Nā te kamo anake tana ngongi hua noa ....
From mine eyes tears burst forth unbidden.
Pei te Hurinui comments thus:
Ngongi. Ki ētahi 'ngohi': he hē tērā. Ko tōna tikanga he 'wai'. He urunga nō tērā kupu 'wai' ki te ingoa o tētahi rangatira ka whakatītahatia, ka kīia he 'ngongi': koia ēnei kupu. "Ngongirua me te 'wairua mā ngongi e titiro te ao ka rere mai?'
Tears. In some versions 'ngohi', which is incorrect. The meaning of 'ngongi' is water 'wai'. The word 'wai' (water) once formed part of the name of a chief, and a substitute word was used and it (wai or water) was called 'ngongi'; hence such words as 'Ngongirua' and the expression 'wairua mā ngongi e titiro te ao ka rere mai?'
"Ngongirua" is substituted for "wairua" in the opening line of He waiata mō Te Moana-Papaku, by Topeora of Ngati Toa (NM 49):
Kāore te ngongirua o te tau rā nā Karanga ...
Always the spirit of the loved one of Karanga ...
In his Dictionary H.W. Williams quotes several more such substitutions from poems recorded in Sir George Grey's collection of Moteatea (1853), one a place name, and another which had nothing to do with water -- the sound alone was sufficient to require the change:
ngongi e titiro te ao kia rere mai?
[Normallywai ...]
Who can see the world to come?
Ka taihuri atu nā ki Ngongikato
[I] turn then towards Waikato
This still leaves the question of where the word kauere came from. It may well be an older term than Pūriri, but it has no known cognates (apart from the extremely doubtful similarity to Rarotongan "auere") elsewhere in Polynesia. The flowers may have suggested a vague similarity to the shell of the Uere, the shellfish Amalda australis (the "southern olive", Olividae). Since on the East Coast the pūriri is found natively almost entirely in littoral ecosystems, a link with the marine ecosystem in local tradition would not be at all surprising. But uere also seems to be a name unique to Aotearoa, so one puzzle simply replaces the other. If anyone reading this has further information about any of these names, we would be delighted to hear about it.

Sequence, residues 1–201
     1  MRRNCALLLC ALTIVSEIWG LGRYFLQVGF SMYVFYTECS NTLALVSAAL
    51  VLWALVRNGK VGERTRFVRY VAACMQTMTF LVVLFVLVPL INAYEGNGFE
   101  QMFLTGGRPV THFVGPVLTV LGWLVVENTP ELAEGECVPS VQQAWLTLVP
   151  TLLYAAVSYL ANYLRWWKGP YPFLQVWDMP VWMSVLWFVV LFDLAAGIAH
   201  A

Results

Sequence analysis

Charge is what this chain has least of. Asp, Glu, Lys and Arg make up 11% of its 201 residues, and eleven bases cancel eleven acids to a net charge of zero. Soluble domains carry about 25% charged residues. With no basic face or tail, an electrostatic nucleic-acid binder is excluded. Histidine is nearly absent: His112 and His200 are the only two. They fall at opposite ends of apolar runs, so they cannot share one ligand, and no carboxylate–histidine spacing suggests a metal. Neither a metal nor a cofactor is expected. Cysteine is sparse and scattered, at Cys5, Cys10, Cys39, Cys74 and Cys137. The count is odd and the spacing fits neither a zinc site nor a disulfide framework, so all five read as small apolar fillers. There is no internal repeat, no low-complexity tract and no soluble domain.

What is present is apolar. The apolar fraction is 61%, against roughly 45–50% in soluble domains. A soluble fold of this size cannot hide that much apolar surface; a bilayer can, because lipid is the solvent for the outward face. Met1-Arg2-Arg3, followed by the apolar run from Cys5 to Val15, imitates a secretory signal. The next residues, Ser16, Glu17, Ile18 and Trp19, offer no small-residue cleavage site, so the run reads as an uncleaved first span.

The East Coast connection comes to the fore in references to the pūriri / kauere as "Ngā motumotu o te ahi o Whironui" -- Whironui's firebrands (M&G 2027). Whironui was the father-in-law of Paikea. While Paikea was wandering along the coast in search of his home after being put ashore by the whale on Ahuahu (Great Mercury Island), he met and married Whironui's daughter, Huturangi, at Kautuku, near East Cape. After a while, he resumed his search, this time in company with Whironui and his family, still believing that the whale had brought him back to Hawaiiki after it had rescued him from his fratricidal brother Ruatapu. At last he saw what he thought was the place, Whāngārā-ki-Tawhiti (now also Whāngārā), and settled there, building a pā for Whironui and supplying him with pūriri for firewood.

In the North, the pūriri growing in abundance on the fertile volcanic soils of the inland Bay of Islands region have given rise to the expression "Ka kata ngā pūriri o Taiamai" -- the pūriri of Taiamai are laughing, a metaphor of good news and welcome, and also of the durability and resiliance of these trees, which continue to flourish and laugh despite the ravages of war and rivalry which have disturbed the peace of this much sought-after territory over the centuries. A line of pūriri at Mangatawhiri on the southern edge of the Bombay Hills, near Pokeno, also marks the southern boundary of Ngāpuhi nui tonu. The pūriri, like the strong man, woman, or nation, must, however be wary of overconfidence and underrating weak opposition -- the small, delicate caterpillar, the mokoroa, by its steady, unobtrusive chomping, can fell even the mighty pūriri in the fulness of time: